TSX ends higher on energy rally as investors await earnings, Fed rate hike

FILE PHOTO: A sign board displaying Toronto Stock Exchange stock information is seen in Toronto

By Nichola Saminather

(Reuters) - A rally in oil stocks lifted Canada's main stock index to a higher close on Monday, while investors braced for a slew of earnings reports as well as another big interest rate hike from the U.S. Federal Reserve this week.

The Toronto Stock Exchange's S&P/TSX composite index closed up 121.56 points, or 0.64%, at 19,104.48.

The energy sector was the biggest gainer on the Canadian index, climbing 3.55% as crude prices rose 2.2%, with investors trying to balance supply fears with expectations that a rise in U.S. interest rates would weaken fuel demand. [O/R]

Energy firms Secure Energy Services, Spartan Delta Corp and Nuvista Energy were the best performers in Canada.

"The price of crude is up and that's helping," said Colin Cieszynski, chief market strategist at SIA Wealth Management.

Materials stocks were among the biggest decliners, which Cieszynski attributed to a lower gold price as well as disappointing earnings from the world's largest gold miner, Newmont Corp.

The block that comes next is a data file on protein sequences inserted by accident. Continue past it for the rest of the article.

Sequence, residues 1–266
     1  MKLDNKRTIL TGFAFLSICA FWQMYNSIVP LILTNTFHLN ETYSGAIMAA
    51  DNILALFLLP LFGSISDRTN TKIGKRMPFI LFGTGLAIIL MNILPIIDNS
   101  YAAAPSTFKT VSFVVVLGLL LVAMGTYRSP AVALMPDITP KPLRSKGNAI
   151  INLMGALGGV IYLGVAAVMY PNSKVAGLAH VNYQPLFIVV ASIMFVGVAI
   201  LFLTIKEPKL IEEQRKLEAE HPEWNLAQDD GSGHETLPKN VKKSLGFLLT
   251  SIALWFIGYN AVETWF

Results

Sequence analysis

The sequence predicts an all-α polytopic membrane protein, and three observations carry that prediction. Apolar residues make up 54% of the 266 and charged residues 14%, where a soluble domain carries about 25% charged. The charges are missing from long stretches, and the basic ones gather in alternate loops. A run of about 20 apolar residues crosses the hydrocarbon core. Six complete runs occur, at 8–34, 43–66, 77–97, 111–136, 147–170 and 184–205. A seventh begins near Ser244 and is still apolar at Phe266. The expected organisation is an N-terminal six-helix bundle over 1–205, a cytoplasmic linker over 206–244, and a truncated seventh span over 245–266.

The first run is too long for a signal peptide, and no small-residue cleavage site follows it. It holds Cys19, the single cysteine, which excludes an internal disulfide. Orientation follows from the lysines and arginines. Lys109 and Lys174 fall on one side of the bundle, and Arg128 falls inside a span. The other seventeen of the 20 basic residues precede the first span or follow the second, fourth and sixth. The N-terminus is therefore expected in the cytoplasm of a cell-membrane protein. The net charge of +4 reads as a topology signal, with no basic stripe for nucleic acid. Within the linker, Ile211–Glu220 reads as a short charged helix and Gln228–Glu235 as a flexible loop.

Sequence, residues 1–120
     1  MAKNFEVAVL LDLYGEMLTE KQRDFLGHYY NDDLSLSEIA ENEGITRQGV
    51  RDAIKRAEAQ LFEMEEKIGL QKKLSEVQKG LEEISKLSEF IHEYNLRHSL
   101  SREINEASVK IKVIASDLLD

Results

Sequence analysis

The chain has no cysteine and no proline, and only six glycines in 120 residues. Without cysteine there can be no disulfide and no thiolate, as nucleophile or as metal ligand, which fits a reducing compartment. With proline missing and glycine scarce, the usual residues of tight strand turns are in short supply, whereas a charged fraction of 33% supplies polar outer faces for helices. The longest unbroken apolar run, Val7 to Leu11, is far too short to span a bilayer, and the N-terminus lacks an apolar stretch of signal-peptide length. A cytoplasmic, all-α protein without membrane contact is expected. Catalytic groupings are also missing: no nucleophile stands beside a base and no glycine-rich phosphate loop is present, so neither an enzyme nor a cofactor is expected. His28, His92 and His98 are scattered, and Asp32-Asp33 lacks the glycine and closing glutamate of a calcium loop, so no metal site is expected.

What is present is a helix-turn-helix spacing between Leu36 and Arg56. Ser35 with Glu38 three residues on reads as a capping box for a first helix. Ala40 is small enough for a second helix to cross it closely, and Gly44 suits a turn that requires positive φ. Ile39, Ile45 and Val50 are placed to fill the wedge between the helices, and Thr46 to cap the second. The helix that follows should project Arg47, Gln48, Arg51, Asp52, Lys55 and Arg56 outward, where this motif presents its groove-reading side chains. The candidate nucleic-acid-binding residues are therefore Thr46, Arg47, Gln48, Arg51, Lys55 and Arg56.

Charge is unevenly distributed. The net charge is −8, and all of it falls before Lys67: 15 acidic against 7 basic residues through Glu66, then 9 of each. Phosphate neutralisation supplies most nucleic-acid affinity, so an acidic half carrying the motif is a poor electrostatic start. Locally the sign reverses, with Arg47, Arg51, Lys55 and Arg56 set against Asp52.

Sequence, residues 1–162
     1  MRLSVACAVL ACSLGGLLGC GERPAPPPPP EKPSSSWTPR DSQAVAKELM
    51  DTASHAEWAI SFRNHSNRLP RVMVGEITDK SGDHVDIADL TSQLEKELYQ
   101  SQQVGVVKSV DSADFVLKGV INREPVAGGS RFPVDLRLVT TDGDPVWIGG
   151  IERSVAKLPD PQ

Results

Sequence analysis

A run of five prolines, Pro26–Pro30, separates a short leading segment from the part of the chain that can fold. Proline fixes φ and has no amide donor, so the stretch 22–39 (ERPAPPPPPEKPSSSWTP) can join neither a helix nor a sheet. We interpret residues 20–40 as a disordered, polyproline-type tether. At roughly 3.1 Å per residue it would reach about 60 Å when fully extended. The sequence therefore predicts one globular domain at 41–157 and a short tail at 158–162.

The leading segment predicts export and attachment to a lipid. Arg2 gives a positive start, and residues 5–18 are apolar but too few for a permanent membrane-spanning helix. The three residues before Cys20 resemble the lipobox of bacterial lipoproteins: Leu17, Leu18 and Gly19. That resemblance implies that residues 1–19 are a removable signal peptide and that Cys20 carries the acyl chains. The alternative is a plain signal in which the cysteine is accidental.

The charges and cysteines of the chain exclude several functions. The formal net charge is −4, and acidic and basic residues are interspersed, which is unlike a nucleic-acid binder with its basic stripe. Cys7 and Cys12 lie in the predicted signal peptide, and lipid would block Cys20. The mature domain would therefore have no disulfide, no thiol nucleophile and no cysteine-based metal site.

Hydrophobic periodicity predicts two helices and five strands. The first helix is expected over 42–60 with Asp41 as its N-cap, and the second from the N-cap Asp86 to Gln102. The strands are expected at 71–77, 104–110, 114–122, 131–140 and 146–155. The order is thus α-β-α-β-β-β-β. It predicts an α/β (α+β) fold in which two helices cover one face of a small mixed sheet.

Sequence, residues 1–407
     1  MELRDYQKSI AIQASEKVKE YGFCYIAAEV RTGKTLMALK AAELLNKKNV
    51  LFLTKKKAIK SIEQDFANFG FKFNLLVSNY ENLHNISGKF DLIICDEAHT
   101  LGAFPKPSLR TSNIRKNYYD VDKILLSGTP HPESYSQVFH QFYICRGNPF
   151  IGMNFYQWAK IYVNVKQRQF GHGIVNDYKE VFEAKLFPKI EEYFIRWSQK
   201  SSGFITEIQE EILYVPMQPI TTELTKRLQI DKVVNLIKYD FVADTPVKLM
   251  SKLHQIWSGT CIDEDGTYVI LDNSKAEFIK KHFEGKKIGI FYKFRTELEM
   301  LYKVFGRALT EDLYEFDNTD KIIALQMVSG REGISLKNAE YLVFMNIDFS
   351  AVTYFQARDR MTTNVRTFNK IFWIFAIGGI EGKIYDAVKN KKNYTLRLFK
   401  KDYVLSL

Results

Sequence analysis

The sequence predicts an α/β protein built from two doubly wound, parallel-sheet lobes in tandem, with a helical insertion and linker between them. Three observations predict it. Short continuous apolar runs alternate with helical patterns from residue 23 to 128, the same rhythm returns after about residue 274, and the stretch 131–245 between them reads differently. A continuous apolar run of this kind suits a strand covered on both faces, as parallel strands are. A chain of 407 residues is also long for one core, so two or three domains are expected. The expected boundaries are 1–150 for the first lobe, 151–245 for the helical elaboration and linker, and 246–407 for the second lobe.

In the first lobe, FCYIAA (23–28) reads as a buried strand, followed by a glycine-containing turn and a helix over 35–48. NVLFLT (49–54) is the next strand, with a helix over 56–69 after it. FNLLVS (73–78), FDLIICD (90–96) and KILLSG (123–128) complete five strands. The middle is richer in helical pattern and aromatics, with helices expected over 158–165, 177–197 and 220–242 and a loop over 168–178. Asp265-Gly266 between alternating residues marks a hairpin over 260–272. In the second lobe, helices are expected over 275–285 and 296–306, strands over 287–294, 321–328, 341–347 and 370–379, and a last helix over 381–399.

Spot gold fell 0.5%, reflecting market expectations of another 75 basis-point interest rate hike from the Federal Reserve on Wednesday. While gold is considered a hedge against inflation, rising rates reduce the appeal of the non-yielding asset.

In resources-heavy Canada, investors are looking for results from miners including Teck Resources and First Quantum Minerals and energy companies including Enbridge and Imperial Oil, this week.

Mega-cap U.S. firms such as Apple Inc, Amazon.com Inc, Alphabet Inc, Microsoft Corp and Meta Platforms Inc are also scheduled to post earnings this week, and could shed light into global growth.

Investors have been worried that rising prices and central banks' attempt to control it could squeeze growth as economies reel from the fallout of the Russia-Ukraine war. Canada's main index has lost almost 10% so far this year.

(Reporting by Nichola Saminather in Toronto; Additional reporting by Susan Mathew in Bengaluru; Editing by Matthew Lewis)